The one in the video looks like this:

Your responsibilities

Thank you, [claimant].
There are a few things you need to know and do before your application to Universal Credit is complete.

It’s important that you understand that in return for your Universal Credit payment you’re agreeing to look for extra work.

You’ll need to do everything you reasonably can to increase your earnings. Your work coach will help you agree your commitments

[_] I understand these commitments

[Next]

     
Andrew Dutton
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I’ve had a haphazard go at this in this thread: https://www.rightsnet.org.uk/forums/viewthread/11012/

A reply to my FoI request on the actual legal basis of the policy is due on 27/7.

I don’t mind being shown why/proved wrong, etc etc, what troubles me is the ‘Cancelled, gone, no appeal, try again’ attitude that UC are taking.

     
Ros White
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I think, if DWP are treating failure to attend interview as meaning the claim is defective, they have to inform the claimant of the defect and give them a month to remedy the defect - if the defect is remedied within that period, then UC claim has to be treated as properly made in the first instance - see regs 8 and 10 of the Universal Credit (Claims and Payments) Regulations 2013.

Certainly shouldn’t be just closing claims without any notification. We’d be interested in taking up cases along those lines - here’s a link to our test case referral form -

http://www.cpag.org.uk/test-case-referrals

     
Elliot Kent
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Ros White - 24 July 2017 05:27 PM

I think, if DWP are treating failure to attend interview as meaning the claim is defective, they have to inform the claimant of the defect and give them a month to remedy the defect - if the defect is remedied within that period, then UC claim has to be treated as properly made in the first instance - see regs 8 and 10 of the Universal Credit (Claims and Payments) Regulations 2013.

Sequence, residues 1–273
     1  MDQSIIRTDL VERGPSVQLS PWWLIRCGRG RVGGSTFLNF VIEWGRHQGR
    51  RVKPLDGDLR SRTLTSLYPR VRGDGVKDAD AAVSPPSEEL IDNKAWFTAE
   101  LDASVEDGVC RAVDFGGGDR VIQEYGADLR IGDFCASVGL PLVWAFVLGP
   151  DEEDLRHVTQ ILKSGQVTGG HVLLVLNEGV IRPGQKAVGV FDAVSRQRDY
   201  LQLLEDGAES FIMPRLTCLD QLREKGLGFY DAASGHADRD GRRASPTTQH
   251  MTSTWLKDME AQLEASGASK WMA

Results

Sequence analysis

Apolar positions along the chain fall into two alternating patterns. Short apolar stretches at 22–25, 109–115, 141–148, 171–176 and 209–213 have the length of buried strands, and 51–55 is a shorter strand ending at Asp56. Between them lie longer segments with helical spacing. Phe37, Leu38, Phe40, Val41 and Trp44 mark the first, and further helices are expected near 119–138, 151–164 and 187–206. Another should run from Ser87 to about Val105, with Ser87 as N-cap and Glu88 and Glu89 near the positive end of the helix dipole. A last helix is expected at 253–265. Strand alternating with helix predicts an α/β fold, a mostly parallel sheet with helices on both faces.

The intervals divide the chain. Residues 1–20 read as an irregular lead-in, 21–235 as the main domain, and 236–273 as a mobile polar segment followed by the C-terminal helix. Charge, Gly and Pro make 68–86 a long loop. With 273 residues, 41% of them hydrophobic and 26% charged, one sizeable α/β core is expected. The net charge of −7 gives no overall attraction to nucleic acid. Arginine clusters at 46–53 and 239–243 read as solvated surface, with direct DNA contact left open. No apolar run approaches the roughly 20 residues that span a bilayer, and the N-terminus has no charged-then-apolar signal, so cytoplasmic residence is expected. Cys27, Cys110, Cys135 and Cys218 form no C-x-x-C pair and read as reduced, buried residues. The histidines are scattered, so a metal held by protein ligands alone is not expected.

Certainly shouldn’t be just closing claims without any notification. We’d be interested in taking up cases along those lines - here’s a link to our test case referral form -

http://www.cpag.org.uk/test-case-referrals

In the scenario I describe, I think the DWP logic is that claims without ID are beyond defective and are completely void. A claim needs a claimant and if they don’t know who the claimant is, there is nothing. Calling it defective later in the day is, I think, something of a fudge.

I’m dealing with a JSA case where the same policy has been applied. The DWP are refusing to decide or acknowledge a claim because the claimant has no ID. Its simply being treated as a nullity.

I’ll look at getting a test case referral over to you next time it comes up.

     
SarahJBatty
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We’ve come across the ‘closed claims’ issue quite a bit and I have been unable to pursue as got pulled off frontline advice to do something else.  Just discussed with colleagues and it is proving difficult to find out what has happened to these earlier claims once a subsequent claim has been accepted because of the lack of online record and vagueness of the terminology used by the UC helpline.

We think we have some we can refer for you to investigate further.  Will be in touch.